Off I go, Editing


Edit of Death
Edit of Death (Photo credit: Ric James)


Off I go, Editing


Traci Kenworth




The days have passed quicker than I thought. Editing time has arrived. I’m going to begin


with a read-through of LATWD and see what catches/problems I see. I began writing the book about March of this year. So I guess it’s been about a six-month process. From here on out, I want to concentrate on shaping it, making it better. I’m so hoping I don’t find it a big, jumbled mess but instead the awesome story I think it is. It’s taken a lot to get it to this point, and I thank my critique partners for helping me arrive here.


Now, the real hurdles begin. Are the characters strong enough? Is the plot riveting? Will


it maintain reader interest? All these questions and more need to be answered. The truth of the matter is though, I prefer this stage. What? Editing can be a preference? For me, yes. I like it because it’s like being an archaeologist and discovering a fossil. You have to carefully dig out the finished project. It’s not ready, till it’s completely unearthed. With your manuscript, at this point, you only have the bones. Now you need to flesh things out, bring to life the dinosaur.


It’s a scary thought, isn’t it? Trying to recreate something you imagined months ago into


something that’s going to hold your reader’s attention into the years beyond this hopefully? Of course, we want to imagine what we put down the first time is perfect, but the truth is manuscripts take work, lots of it. No one unearths an exhibit that’s ready for viewers overnight. It takes time, many plans, help from outside ourselves, and patience. In the end, you want things to be perfect when it takes the stage. So no hurrying. Step back and observe, lay the groundwork for success.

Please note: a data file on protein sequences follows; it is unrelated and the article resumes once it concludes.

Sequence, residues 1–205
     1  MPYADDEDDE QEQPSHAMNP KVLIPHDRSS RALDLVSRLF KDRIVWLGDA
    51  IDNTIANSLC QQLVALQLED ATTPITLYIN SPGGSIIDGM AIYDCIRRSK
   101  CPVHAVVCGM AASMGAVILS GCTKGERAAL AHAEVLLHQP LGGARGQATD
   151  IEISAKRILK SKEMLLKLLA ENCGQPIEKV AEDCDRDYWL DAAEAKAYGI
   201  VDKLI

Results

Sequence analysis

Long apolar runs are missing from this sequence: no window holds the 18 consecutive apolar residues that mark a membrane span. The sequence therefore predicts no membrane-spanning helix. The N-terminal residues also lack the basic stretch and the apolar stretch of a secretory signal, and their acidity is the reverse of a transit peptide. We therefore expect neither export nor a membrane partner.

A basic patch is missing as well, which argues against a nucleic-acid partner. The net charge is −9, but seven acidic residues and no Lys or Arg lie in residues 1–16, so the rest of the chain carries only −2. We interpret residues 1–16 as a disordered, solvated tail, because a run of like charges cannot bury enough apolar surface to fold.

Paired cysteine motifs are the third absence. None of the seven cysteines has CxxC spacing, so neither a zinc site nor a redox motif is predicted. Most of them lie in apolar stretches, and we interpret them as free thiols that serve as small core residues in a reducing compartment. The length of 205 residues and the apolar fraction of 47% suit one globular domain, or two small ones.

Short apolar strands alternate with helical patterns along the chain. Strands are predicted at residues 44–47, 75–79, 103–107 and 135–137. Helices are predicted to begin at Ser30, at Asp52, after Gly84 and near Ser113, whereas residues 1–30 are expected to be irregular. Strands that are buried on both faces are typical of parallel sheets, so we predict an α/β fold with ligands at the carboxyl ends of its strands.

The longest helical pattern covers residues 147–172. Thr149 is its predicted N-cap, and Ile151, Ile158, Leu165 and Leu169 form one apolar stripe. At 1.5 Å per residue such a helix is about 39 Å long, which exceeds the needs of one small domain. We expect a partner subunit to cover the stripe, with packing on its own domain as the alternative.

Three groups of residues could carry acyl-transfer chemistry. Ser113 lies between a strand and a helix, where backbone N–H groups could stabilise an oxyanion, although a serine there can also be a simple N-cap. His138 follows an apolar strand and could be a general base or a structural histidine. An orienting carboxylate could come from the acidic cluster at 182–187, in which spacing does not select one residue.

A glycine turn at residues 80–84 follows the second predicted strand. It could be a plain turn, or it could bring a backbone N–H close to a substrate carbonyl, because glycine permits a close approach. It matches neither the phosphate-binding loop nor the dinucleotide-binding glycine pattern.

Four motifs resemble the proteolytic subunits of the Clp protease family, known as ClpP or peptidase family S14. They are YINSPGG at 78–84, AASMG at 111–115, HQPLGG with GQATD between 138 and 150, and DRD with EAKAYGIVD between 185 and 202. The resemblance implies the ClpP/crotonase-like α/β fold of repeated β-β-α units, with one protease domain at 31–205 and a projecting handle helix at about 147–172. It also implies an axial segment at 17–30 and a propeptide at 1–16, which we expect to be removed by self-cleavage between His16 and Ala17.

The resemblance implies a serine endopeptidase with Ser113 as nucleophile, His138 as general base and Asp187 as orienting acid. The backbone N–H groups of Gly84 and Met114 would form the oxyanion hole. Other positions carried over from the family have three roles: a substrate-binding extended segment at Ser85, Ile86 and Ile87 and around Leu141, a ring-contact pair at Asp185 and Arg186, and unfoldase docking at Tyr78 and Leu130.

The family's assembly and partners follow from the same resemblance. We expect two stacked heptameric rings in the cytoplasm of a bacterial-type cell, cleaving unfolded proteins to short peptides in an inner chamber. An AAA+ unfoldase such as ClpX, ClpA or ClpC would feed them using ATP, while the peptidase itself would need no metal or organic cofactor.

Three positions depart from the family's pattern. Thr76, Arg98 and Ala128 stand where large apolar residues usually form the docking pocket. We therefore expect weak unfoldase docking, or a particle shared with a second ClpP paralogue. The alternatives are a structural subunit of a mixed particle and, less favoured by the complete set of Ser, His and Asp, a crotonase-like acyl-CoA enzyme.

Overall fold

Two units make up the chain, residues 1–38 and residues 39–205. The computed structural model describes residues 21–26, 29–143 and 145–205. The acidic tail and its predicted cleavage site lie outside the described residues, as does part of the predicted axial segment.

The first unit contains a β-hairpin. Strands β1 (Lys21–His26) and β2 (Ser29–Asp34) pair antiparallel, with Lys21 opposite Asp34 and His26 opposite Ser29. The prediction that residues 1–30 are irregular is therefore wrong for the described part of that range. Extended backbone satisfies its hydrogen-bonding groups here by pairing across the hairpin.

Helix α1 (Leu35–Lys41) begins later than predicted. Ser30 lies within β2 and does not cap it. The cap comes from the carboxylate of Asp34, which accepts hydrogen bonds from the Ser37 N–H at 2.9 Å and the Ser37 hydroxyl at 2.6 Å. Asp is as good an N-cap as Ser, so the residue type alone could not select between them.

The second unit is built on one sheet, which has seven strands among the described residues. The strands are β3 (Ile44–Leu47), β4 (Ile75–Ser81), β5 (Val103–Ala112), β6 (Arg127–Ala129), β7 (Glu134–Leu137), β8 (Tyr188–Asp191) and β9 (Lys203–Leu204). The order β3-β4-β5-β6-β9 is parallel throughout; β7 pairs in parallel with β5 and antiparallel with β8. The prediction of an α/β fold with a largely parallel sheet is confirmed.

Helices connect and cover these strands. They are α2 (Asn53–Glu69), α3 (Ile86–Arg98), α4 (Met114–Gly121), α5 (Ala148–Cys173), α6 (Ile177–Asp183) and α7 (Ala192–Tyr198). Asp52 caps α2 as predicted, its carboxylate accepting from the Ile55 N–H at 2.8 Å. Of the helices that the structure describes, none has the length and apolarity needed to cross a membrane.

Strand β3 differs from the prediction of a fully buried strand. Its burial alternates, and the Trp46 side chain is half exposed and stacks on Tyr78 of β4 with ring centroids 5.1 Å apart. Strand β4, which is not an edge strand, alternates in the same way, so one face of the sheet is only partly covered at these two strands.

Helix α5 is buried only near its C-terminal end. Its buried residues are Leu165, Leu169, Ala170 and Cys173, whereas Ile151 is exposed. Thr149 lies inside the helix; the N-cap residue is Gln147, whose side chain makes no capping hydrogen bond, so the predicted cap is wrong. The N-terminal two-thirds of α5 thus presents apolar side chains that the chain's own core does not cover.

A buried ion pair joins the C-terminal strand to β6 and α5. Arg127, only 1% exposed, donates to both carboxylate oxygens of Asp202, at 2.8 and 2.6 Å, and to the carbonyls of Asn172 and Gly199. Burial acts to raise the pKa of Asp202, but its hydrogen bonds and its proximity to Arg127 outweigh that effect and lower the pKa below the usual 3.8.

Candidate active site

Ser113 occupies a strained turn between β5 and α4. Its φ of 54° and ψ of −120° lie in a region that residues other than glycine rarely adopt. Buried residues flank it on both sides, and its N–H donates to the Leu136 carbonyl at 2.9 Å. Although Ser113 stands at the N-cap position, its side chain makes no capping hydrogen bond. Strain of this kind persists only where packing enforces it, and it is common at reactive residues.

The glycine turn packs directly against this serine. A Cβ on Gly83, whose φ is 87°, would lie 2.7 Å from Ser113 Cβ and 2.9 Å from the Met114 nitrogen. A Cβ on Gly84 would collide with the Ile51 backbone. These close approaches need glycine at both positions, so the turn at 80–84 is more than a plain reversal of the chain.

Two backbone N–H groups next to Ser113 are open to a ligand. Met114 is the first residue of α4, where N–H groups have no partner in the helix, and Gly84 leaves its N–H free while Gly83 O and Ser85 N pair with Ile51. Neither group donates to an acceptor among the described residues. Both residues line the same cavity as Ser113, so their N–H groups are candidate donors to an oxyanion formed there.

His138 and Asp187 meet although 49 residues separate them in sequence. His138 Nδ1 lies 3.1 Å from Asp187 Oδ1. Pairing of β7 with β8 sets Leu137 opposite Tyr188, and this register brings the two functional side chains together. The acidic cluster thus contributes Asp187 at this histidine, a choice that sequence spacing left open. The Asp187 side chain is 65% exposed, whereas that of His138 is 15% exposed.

8 thoughts on “Off I go, Editing

  1. Oh yes, I am all too familiar with editing. It’s a great way to re-connect with your story, though. I find I get super excited going over everything again. No hurrying is a good motto.


    1. Thanks, Sara!! The printer’s all ready to go and print out the first five chapters for me to work on. I plan to do small amounts at a time and pour over what notes I come up with then, when I’m ready, compare them with my cps’ critiques.


  2. Cool. In some ways I prefer the editing process over the actual writing. Each round of polish makes it all that much more better looking! How long is the story, btw? Oh yeah, heh . . . an archaeologist does not dig up dinosaurs. That’s a paleontologist. Sorry, couldn’t resist. My wife’s an archaeologist and she gets that misconception all the time. 🙂


    1. Me too, Dan!! Editing helps me draw everything together and revision it as it should be. Sorry about the archaeologist and paleontologist mix-up. I learn something new every day!! Oh, and the story works out at about 67,000 words at the moment. It may be more or less when I’m through.


  3. Editing is one of my favorite parts of writing. I love making my story and writing stronger. I love tearing apart. I love it when I get feedback that will help me take my book to the next level.


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